Jan 12 2014

The Coen Brothers’ Inside Llewyn Davis is a journey

maureen

SPOILER ALERT. Inside Llewyn Davis begins and ends with the same scene outside a folk venue in 1960’s Greenwich Village. A flashback then picks up Llewyn who, while leaving his friends’ apartment after a night on their couch, accidentally lets out their orange tabby. Finding he’s locked himself and the cat out of the apartment Llewyn picks up the cat and continues his journey.

The audience is filled in on what’s happened up to this point, the event that has put Llewyn on this particular journey. He’s grieving the loss of his friend and music partner Mike and trying to restart his career as a solo folk artist. He sleeps on couches, has no winter coat, struggles with bitterness and tries to maintain what he considers his artistic integrity.

The Coens do love their mythology. O Brother Where Art Thou was a retelling of the Odyssey. A Serious Man was their take on the Book of Job.  “It’s never new. It never gets old. It’s a folk song,” Every story is a journey. And every journey is different. That’s what the Coens do. They take an archetypical pattern and make it individual to every single character they create. So many of the stories they tell involve some sort of journey, whether physical or internal. While the plot was loose, my take on Inside Lleweyn Davis is that it is yet another journey.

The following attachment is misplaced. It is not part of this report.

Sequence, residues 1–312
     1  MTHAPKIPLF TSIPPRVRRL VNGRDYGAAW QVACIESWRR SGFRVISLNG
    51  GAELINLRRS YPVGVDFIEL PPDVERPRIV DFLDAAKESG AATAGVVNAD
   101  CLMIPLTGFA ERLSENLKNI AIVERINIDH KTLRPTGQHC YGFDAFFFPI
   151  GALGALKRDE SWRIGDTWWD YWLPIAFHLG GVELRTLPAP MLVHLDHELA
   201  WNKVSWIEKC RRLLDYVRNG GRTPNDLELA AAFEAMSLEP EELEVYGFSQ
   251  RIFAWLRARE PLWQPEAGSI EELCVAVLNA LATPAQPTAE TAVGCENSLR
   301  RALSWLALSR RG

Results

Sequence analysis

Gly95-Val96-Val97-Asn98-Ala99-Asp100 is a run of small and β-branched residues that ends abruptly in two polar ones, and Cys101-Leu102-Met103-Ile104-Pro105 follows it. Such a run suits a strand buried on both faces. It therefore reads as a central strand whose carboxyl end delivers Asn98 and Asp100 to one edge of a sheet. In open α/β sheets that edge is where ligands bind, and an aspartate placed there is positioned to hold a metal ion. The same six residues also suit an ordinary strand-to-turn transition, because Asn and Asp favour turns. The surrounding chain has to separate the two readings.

Llewyn is a former merchant marine, several of the songs in the film refer to journeys, and specifically to the sea. We find out late in the film that the cat’s name is Ulysses (Roman name for Odysseus). At one point in the film Llewyn stands in front of a movie poster of The Incredible Journey, a movie about the long trek of two dogs and cat finding their way home. I read one review that compared Llewyn’s journey to that of Leopold Bloom of James Joyce’s Ulysses. Plausable. 

Llewyn has lost his singing partner Mike to suicide. He discovers he has a child he’s never seen. He has another about to be aborted. He is facing a crossroads in which he must choose to continue his dream of being a folk musician or move back into the more lucrative career of merchant marine. His father is dying. He keeps pushing the wrong buttons in his relationships with family and friends.  Llewyn’s quest takes him around the Village, to his family in Queens, and on a road trip with an aging jazz musician and his beatnik poet driver. Throughout this trek he continually carries and loses the cat.